Aftermarket tuners are unleashed on the tC
SEMA wrap up
LAS VEGAS, NV. The Specialty Equipment Market Association (SEMA) has its biggest trade show in early November each year at the Last Vegas Convention Center and this year was no exception. The show featured over 2 million square feet of exhibitor booths, demos, featured vehicles, and press conferences. It's an industry-only show, and still over 80,000 people from around the world descend on Las Vegas to see what's the latest and greatest in the automotive aftermarket world. Most vehicle manufacturers and thousands of aftermarket parts manufacturers and distributors have booths as far as the eye can see, ready to show the world their latest service or newest product. As an industry-only show, it's not open to the general public, but with out partner sites we have enough news and photographs to bring the show to you.
The show this year ran from November 2nd through November 5th. ScionZone.Com attended all four days, in what can only be described as a test of endurance. Over two hundred Scion photos later, it's time for a wrap up of the year.
Last year there weren't any tC's at the show of course. By the time this year's show started, however, almost 20,000 tC's had been sold across the nation. The tuners have been right on the ball, and we saw quite a few tC's at the show this year. xB's of course were plentiful as well. The xA didn't make as much of an impact this year — even though it has been on sale for 10 months this year, it still sold only as many units as the tC sold in 4 months. Apart from the vehicles in Scion's official booth, only three xA's grace our photo gallery for SEMA 2004.
We listened in on part of a conversation with Vice President of Scion, Jim Farley. Jim clearly has a lot of excitement for Scion and it's customization potential: "The magic of Scion is uniqueness" he tells us. Scion has been lucky to have Toyota as its parent company. Toyota's strength in the automotive industry has let it take a chance on Scion, to create vehicles with unique silhouettes that defy traditional thought. While other manufacturers are struggling for their survival, Toyota has had the advantage of being able to have dozens of "grassroots" events per month to support the growing Scion community. The marketing is working, and surprisingly Mr. Farley told us that it was the tC, not the xB or xA, that has the youngest average age of ownership - in fact, the second youngest of any vehicle in the industry (with the Acura RSX having the youngest). It seems that today's young buyers really are excited about the tC's mix of quality and value.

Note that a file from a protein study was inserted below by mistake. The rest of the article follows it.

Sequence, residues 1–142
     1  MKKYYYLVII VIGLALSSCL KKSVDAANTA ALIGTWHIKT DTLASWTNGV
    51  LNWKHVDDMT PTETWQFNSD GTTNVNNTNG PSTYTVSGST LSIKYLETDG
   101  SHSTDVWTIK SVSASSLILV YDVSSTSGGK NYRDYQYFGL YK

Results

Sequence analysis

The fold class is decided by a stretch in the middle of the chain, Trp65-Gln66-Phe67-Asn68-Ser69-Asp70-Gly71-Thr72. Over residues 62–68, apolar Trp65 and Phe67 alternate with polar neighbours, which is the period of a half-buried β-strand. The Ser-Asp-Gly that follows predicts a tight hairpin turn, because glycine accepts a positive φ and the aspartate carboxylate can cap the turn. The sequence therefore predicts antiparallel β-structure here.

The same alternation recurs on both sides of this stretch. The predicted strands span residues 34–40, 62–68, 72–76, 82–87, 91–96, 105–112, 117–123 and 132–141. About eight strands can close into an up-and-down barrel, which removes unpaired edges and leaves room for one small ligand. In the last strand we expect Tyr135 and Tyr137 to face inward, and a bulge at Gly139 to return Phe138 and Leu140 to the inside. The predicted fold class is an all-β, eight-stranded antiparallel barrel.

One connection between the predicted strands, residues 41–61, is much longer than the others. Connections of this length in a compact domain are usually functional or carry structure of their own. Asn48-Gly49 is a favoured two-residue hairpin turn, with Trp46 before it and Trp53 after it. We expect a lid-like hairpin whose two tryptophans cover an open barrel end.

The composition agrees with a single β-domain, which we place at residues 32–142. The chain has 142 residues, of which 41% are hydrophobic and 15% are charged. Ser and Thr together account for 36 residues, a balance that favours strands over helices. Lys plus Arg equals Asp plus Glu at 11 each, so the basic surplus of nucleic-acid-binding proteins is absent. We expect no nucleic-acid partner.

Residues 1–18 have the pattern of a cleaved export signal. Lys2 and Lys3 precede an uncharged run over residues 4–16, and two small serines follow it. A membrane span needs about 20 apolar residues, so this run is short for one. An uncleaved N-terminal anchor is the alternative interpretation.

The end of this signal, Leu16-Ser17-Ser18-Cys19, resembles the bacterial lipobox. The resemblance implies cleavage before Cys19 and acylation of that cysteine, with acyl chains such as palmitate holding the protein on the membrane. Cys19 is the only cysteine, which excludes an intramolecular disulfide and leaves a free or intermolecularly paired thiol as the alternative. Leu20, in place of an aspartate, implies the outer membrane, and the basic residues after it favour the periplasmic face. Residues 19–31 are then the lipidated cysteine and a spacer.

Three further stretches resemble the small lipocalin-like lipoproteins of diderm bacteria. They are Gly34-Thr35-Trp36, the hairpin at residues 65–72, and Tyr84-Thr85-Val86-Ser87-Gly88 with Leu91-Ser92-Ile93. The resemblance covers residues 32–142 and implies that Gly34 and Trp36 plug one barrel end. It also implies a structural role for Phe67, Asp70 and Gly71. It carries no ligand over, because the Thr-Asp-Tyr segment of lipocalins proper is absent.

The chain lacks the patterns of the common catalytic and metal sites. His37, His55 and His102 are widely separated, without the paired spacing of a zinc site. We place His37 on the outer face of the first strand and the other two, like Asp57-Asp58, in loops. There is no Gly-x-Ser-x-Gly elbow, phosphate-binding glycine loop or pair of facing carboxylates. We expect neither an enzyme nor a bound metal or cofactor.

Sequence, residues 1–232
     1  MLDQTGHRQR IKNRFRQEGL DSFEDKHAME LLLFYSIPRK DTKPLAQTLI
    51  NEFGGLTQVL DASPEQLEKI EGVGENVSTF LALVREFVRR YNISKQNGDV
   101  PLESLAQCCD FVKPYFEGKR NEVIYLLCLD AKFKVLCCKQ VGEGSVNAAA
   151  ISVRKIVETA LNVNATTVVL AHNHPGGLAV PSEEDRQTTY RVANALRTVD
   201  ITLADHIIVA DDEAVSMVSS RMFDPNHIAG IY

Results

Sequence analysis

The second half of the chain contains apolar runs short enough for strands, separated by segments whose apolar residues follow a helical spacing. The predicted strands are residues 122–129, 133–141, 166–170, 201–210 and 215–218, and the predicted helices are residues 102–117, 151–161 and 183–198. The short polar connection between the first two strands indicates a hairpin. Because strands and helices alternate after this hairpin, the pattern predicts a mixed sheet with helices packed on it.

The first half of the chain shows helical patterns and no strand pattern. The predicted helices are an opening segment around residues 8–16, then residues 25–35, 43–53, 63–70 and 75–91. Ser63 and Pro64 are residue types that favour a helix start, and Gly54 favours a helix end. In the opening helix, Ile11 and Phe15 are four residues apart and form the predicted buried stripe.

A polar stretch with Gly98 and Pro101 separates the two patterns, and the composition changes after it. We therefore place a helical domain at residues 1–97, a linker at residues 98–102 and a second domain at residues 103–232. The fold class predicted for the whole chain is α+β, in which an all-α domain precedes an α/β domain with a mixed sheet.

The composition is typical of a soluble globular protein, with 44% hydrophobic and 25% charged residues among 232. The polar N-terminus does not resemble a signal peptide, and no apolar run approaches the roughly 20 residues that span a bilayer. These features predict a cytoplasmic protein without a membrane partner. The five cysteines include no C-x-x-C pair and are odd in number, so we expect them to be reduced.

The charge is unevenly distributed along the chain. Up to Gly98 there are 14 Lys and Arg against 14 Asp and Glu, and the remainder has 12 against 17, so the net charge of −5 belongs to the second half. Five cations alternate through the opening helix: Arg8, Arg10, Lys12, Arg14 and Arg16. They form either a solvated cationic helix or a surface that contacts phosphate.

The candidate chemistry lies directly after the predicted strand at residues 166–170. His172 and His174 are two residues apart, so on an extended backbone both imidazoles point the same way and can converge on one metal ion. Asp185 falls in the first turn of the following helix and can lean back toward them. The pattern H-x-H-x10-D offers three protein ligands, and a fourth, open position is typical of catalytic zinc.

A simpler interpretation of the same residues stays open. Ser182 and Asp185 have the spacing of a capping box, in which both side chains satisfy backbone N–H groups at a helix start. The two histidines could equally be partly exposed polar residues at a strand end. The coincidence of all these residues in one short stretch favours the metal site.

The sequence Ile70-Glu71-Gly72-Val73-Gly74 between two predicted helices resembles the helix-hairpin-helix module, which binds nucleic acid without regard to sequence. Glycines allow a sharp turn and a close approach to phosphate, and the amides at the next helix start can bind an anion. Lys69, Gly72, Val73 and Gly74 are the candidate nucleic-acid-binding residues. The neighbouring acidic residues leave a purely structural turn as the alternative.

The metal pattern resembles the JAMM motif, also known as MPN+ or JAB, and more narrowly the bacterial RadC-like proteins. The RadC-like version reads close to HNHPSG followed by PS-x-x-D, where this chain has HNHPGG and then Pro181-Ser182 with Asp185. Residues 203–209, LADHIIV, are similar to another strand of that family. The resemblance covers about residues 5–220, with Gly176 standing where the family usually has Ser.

Mr. Farley also reaffirmed Scion's commitment to customization and the availability of aftermarket products for the entire Scion line. He indicated that if things are going "right" for Scion, Scion's booth at SEMA will still be relatively small, but the number of Scion's in the tuners' booths at the show would grow every year.
Rumors have been floating around the Internet as to what Scion's next vehicle would look like, and Mr. Farley confirmed that Scion would "absolutely" be moving towards a full line of vehicles to complement its existing three. The trick of course is to maintain that magic, the uniqueness, that makes Scion special. Vehicle lines will be added, lines may even be subtracted (although Mr. Farley did indicate that Scion would be very careful before making any changes to the xB, the real "icon" of the Scion brand). Does this mean the xA, Scion's slowest selling model is going away? Mr. Farley wouldn't speculate, but we doubt it's going anywhere soon.
A Selection of Vehicles at SEMA